o Syntax: “rename policy1 to policy2

· ‘Show route receive-protocol’

o To view routes before a policy is applied.

· ‘Show route advertising-protocol’

o To view outbound routes after a export policy was applied.

· To advertise OSPF routes to an ISIS neighbor, we need to configure an export policy under [edit protocol isis] that matches ospf routes and accept them

ADVANCED ROUTE-POLICY

Policy Processing;

· Advanced policy methods include policy chains, a subroutine, a prefix-list, and a policy expression to accomplish same task.

· Policy chain;

o Make each match-condition in separate terms/policy statements.

o Invoke those policies with export/import option.

o ‘Import [policy1 policy2 policy3]’. First a route is checked with policy1. If not matched, it is checked with policy2 and if still not matched it is checked with policy3. If still not matched default-policy is invoked.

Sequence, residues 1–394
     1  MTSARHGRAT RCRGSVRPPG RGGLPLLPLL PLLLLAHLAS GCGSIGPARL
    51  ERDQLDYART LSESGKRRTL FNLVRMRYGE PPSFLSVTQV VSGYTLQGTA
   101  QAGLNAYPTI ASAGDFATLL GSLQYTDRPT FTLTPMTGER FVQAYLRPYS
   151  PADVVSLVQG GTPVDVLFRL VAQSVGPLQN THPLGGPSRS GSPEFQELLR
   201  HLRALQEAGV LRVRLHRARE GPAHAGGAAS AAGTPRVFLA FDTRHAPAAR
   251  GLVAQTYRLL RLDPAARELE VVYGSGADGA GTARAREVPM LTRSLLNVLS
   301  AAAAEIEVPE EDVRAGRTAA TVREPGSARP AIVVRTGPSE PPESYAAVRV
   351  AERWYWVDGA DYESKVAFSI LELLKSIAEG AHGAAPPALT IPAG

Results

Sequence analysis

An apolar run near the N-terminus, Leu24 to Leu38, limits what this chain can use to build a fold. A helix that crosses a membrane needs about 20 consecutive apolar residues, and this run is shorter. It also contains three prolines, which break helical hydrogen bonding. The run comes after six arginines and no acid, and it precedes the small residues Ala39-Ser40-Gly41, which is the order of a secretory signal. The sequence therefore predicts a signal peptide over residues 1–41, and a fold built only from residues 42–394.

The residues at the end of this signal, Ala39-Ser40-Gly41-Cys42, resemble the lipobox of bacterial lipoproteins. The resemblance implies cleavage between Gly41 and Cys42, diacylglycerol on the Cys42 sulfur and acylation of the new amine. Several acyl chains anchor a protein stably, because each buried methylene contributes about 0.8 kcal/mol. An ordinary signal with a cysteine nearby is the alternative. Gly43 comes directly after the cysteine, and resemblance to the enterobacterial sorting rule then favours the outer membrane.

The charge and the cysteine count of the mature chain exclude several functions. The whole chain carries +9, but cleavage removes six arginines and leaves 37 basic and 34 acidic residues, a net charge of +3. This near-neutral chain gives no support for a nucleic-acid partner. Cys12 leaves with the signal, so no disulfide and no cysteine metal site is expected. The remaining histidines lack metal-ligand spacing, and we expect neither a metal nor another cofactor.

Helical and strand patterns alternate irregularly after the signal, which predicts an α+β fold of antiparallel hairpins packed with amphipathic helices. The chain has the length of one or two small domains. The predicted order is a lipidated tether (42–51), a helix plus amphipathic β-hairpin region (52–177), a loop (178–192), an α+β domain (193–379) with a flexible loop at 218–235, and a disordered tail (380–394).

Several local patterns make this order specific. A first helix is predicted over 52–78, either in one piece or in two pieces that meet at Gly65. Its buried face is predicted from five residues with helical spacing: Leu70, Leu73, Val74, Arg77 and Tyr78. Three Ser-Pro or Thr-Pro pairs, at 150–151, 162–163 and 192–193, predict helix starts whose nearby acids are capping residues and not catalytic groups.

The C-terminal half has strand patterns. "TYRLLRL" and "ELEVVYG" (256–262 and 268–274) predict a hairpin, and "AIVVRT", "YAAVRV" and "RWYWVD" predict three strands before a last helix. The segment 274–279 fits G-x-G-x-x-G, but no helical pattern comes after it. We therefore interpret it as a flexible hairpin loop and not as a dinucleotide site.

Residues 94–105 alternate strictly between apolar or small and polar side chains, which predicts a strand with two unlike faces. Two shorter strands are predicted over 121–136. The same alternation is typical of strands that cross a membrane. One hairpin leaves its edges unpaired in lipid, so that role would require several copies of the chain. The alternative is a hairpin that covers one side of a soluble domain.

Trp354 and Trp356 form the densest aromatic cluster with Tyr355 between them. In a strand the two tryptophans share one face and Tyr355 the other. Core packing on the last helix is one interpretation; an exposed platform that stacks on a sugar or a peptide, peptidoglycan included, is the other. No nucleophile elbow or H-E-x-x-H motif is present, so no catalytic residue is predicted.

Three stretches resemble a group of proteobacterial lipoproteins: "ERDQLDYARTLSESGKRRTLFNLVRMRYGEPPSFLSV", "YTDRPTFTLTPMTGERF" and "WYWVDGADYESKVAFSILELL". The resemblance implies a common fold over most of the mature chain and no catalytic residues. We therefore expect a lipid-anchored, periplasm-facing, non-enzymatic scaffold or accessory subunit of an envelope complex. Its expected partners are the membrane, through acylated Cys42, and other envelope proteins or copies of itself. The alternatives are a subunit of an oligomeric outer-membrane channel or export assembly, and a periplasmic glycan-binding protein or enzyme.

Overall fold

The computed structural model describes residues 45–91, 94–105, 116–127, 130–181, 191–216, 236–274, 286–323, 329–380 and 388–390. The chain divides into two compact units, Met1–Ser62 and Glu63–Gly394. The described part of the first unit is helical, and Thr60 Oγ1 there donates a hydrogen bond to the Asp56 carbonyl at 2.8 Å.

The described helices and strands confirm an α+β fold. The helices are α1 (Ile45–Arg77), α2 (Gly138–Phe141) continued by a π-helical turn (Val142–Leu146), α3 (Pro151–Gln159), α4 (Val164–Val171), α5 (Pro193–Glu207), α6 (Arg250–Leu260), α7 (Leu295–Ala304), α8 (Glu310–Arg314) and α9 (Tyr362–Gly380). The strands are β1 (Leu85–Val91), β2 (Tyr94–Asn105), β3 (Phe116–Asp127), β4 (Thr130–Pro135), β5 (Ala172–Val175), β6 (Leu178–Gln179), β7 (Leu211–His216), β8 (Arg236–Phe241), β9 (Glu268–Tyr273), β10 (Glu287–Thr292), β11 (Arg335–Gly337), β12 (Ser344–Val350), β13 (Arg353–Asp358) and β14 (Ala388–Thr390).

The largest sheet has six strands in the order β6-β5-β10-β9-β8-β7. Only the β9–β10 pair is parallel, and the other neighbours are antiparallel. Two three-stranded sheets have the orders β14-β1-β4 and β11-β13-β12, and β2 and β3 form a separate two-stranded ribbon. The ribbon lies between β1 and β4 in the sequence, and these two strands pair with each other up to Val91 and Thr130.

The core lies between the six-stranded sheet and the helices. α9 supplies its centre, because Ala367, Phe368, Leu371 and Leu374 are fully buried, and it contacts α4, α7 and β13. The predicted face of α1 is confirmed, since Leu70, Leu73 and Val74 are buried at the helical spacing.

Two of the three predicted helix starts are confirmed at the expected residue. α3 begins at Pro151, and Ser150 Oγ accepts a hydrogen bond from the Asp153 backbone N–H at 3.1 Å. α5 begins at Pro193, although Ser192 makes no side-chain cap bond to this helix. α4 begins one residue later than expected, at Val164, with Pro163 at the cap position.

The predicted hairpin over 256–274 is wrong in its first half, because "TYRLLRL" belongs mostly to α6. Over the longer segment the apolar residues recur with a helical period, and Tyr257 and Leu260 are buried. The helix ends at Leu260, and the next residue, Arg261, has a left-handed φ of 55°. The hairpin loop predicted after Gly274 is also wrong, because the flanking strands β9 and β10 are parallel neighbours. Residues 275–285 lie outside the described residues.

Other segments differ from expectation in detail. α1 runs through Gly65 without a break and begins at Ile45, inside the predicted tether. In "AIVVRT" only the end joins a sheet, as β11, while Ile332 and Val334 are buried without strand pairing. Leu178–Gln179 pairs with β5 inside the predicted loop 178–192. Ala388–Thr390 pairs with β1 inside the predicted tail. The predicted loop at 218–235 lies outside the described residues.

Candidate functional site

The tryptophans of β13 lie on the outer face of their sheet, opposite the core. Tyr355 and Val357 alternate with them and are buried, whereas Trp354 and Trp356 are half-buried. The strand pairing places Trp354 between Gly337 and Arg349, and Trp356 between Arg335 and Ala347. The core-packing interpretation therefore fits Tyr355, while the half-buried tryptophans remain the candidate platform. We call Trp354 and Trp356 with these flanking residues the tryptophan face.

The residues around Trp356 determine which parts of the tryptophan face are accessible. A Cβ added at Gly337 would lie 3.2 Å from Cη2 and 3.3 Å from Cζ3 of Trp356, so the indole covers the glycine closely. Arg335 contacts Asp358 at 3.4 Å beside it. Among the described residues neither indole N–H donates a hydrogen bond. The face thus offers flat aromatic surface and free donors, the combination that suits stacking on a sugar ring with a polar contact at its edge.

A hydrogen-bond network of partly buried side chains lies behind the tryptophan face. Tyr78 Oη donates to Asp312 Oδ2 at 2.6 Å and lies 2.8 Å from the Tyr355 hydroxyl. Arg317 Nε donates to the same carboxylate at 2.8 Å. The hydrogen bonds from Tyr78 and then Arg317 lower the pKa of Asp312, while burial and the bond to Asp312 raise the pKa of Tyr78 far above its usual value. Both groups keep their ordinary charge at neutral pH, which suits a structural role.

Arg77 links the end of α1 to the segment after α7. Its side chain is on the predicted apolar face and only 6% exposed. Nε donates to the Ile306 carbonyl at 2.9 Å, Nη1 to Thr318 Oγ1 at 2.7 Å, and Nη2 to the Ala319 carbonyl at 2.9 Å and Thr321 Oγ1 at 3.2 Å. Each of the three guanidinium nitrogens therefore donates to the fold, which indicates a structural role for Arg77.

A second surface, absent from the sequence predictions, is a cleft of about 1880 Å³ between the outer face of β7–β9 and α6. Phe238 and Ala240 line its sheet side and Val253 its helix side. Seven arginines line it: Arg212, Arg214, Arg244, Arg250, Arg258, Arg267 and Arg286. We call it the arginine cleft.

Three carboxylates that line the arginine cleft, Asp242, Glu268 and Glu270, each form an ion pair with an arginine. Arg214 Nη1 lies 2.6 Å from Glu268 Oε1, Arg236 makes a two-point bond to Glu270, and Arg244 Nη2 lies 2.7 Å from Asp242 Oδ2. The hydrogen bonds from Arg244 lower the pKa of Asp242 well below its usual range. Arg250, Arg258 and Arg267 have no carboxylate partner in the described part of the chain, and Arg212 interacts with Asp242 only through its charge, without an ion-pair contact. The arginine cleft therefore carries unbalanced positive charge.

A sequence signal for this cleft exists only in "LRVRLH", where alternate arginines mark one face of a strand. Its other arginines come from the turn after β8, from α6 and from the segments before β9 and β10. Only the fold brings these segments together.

· Policy Subroutine;

o In programming, a subroutine is a part code which can be referenced on regular basis.

o Similarly, we can refer a policy as match criterion for another policy.

o The evaluation of subroutine returns TRUE or FALSE Boolean result to main policy.

o TRUE means main policy has a match and the action for the matched route in the main policy will be performed. FALSE means main policy does not have a match.

o The default policy of the protocol where the subroutine is applied is always evaluated as a part of the subroutine itself.

o For Eg: If we provoke a subroutine in a policy applied to BGP protocol, default BGP policy is checked as a part of subroutine policy to determine True/False result.

o Syntax: Inside the policy-statement/term for matching condition, use ‘from policy subroutine-name’

· Prefix-list;

o A list of IP prefix that can be used as match criteria.

o A prefix-list is created with a name under [edit policy-option] mode. This list is invoked inside a term using ‘from prefix-list name’.

o JUNOS evaluates this list as route-filter with ‘exact’ option.

· Policy expressions;

o Combination of policies acted upon by logical operators.

o Possible logical operators are (in the order of precedence)

§ Logical NOT

· Reverses the logic evaluation of policy. A true result becomes false and vice versa. Denoted by !policy1

§ Logical AND

· Policy1 && policy2. If the result of first policy is true, second policy is evaluated. If the result of first policy is false, second is skipped.

§ Logical OR